Trying to determine whether I should get MRI on my shoulder or not
August 22, 2017 7:44 AM   Subscribe

I work at a grocery store where I lift heavy shit, do repetitive motions over and over again, and collect the shopping carts by hand which exerts alot of force on my shoulder. I've also never had the best posture in the world either. Long story short I've been to 3 different doctors about 5 times total over the last 3 years.And I am trying to determine whether or not I should go through with the mri or not.

My deductible with insurance was met when I had hernia surgery in january so I'm trying to get this sorted out. I went to physical therapy for 2 sessions but, cancelled it after my boss was so short staffed i was working 39 hours a week over 6 days in a part time position and I didn't feel it worth it. Now I'm back down to regular hours and working early like 6am shifts so they should be in theory less stressful and PT might be more beneficial. The straw that broke the camels back to go back to the doctor was when I thought I heard something pop in my left shoulder and have been having some pain there as well. Anyway the pain isn't enough to keep me up at night and I rarerly if ever even take anti inflammatories I just suck it up. I have full range of motion and xray was negative so I'm not sure if i ever got a muscle pull. I was hit by a car on my right side but, really slowly. I bought a massage thing that seems to work alright and am taking next week off work. So I guess what I'm trying to figure out is it worth getting an mri if my doctor is offering it just to rule that possibility out? I honestly feel like if i tore a muscle it would more likely hurt more than just put me in a bad mood and would more likely be in my right shoulder. My elbows and knees are starting to get bad as well so I wouldn't be surprised at all if it was just tendinitis or something. Anyway should I suck it up and pay the money for the mri and at least know if it's something or not?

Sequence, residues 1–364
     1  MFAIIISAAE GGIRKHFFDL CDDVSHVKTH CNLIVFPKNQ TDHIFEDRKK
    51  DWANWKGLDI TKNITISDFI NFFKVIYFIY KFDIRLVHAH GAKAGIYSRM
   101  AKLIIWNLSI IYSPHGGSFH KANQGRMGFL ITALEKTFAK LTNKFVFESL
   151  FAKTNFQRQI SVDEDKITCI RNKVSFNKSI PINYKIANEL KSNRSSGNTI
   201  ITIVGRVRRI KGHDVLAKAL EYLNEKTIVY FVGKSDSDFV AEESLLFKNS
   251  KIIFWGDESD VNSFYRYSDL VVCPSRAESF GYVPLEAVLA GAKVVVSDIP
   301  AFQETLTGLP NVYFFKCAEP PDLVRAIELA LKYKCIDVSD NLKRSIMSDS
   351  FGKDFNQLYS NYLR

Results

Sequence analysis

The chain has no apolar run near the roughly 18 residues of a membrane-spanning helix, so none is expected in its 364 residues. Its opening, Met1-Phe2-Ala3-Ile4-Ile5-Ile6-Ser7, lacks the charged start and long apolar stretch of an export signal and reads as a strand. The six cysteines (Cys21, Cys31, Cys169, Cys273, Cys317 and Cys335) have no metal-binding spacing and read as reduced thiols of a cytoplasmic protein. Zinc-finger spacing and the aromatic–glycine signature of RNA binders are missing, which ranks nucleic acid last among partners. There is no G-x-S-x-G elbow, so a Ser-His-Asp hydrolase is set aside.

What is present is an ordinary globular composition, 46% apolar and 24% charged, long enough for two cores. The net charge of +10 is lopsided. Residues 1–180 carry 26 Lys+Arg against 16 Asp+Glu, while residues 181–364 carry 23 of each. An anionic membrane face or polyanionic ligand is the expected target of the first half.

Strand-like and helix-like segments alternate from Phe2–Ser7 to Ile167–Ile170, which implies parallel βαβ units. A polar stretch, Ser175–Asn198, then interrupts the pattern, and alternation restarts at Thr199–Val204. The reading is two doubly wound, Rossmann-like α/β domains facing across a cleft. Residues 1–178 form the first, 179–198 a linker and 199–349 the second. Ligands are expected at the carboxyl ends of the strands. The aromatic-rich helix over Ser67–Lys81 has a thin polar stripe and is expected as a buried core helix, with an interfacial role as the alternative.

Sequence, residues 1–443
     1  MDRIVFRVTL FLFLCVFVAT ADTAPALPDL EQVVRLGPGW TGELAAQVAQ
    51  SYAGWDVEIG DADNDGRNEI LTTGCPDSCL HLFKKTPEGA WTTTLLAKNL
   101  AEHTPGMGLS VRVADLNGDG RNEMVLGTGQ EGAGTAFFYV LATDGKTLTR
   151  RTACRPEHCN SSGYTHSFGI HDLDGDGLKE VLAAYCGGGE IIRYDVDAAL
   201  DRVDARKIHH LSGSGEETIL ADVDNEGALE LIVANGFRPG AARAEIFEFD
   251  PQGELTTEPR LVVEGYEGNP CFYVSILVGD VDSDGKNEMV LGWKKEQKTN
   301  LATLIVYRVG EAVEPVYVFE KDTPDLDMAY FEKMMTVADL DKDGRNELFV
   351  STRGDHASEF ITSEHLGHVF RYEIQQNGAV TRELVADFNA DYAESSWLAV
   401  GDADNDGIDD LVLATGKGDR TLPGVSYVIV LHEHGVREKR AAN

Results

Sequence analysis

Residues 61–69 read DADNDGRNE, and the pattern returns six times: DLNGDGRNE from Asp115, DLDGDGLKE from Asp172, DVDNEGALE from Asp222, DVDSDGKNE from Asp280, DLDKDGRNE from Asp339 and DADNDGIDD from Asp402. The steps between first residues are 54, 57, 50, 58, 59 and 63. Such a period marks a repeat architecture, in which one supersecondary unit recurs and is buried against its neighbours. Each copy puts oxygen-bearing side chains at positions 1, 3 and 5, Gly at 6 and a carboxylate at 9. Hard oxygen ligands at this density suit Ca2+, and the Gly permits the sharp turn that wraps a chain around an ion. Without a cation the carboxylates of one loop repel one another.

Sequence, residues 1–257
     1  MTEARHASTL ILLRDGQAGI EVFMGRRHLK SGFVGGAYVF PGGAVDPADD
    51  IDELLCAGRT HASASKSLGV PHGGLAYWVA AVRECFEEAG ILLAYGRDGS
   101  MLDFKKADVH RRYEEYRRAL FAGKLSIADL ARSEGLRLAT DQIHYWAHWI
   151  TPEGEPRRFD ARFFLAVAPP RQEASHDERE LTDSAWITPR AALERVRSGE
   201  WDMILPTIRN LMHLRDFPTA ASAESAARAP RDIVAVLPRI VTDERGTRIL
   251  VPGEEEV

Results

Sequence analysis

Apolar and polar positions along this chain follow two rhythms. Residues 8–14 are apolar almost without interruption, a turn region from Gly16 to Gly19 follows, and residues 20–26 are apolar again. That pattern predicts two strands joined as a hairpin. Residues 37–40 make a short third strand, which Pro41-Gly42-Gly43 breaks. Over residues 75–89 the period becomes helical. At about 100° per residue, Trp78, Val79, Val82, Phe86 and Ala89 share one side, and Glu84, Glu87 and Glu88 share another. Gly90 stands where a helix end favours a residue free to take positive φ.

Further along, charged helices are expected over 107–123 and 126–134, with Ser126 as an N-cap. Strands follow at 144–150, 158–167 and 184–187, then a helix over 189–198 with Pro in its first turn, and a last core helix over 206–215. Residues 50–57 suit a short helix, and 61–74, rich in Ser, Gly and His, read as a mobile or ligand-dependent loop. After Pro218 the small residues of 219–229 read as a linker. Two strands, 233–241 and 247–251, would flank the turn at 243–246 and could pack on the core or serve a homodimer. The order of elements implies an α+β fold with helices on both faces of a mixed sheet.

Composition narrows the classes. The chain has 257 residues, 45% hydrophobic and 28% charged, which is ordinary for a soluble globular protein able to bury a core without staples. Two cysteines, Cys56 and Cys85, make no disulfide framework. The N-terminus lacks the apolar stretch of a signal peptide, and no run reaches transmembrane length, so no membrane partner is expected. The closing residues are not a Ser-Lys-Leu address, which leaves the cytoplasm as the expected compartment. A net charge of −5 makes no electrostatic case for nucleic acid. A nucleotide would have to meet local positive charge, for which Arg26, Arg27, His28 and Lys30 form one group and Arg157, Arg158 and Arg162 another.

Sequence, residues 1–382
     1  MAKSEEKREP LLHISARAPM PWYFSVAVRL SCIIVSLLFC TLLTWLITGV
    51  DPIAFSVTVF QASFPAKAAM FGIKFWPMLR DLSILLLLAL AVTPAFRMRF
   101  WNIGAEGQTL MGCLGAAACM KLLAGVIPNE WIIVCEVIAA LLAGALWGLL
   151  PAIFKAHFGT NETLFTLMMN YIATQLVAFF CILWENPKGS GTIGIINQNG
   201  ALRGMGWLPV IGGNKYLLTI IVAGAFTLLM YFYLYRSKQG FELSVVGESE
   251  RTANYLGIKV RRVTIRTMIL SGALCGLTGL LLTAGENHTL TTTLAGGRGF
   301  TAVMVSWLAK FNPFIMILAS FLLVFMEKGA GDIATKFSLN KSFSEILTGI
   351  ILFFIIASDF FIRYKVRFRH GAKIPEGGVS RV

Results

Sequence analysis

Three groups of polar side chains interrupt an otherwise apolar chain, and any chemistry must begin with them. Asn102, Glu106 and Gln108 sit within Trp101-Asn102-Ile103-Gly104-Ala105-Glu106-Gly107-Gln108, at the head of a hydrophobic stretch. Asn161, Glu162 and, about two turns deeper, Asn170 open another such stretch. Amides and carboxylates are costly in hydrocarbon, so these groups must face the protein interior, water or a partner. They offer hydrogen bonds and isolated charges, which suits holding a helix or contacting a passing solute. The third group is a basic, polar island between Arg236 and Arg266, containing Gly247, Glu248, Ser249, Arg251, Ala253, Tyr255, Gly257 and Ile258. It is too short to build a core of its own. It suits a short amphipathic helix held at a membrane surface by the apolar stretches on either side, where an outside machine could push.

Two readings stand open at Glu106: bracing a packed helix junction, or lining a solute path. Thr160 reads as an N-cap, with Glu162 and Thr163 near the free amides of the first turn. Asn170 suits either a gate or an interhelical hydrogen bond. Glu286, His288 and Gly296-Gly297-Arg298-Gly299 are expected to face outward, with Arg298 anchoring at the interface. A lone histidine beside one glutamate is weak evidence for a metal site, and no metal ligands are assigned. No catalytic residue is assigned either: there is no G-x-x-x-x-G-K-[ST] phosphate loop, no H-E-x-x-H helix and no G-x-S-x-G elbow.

posted by mamamia88 to Health & Fitness (9 answers total) 1 user marked this as a favorite
 
Can you clarify the part about your deductible being met but you having to pay for the MRI? I assume you are in between your deductible and your out-of-pocket maximum for the year. Still, your insurance should be paying part of the cost because you have hit your deductible. If you get the MRI this year, they will pay for part of it, but if you get it next year, you will pay all of it until you hit your deductible. Since this has been an issue for 3 years, I would keep trying things including Physical Therapy. Your health is more important than your boss being short staffed. Repetitive Stress Injuries should be taken seriously and not just "sucked up".
posted by soelo at 8:06 AM on August 22, 2017


The thing I realized after pushing and pushing for an MRI on my knee was that for most of these issues there are two major solutions: PT and surgery. So, yeah, in the end the MRI showed tears, and I could get surgery. But I was young and wanted to postpone surgery, so what good did the MRI do? Give me a datapoint, maybe, if I ever do get that surgery? But I'd need a new MRI then anyway.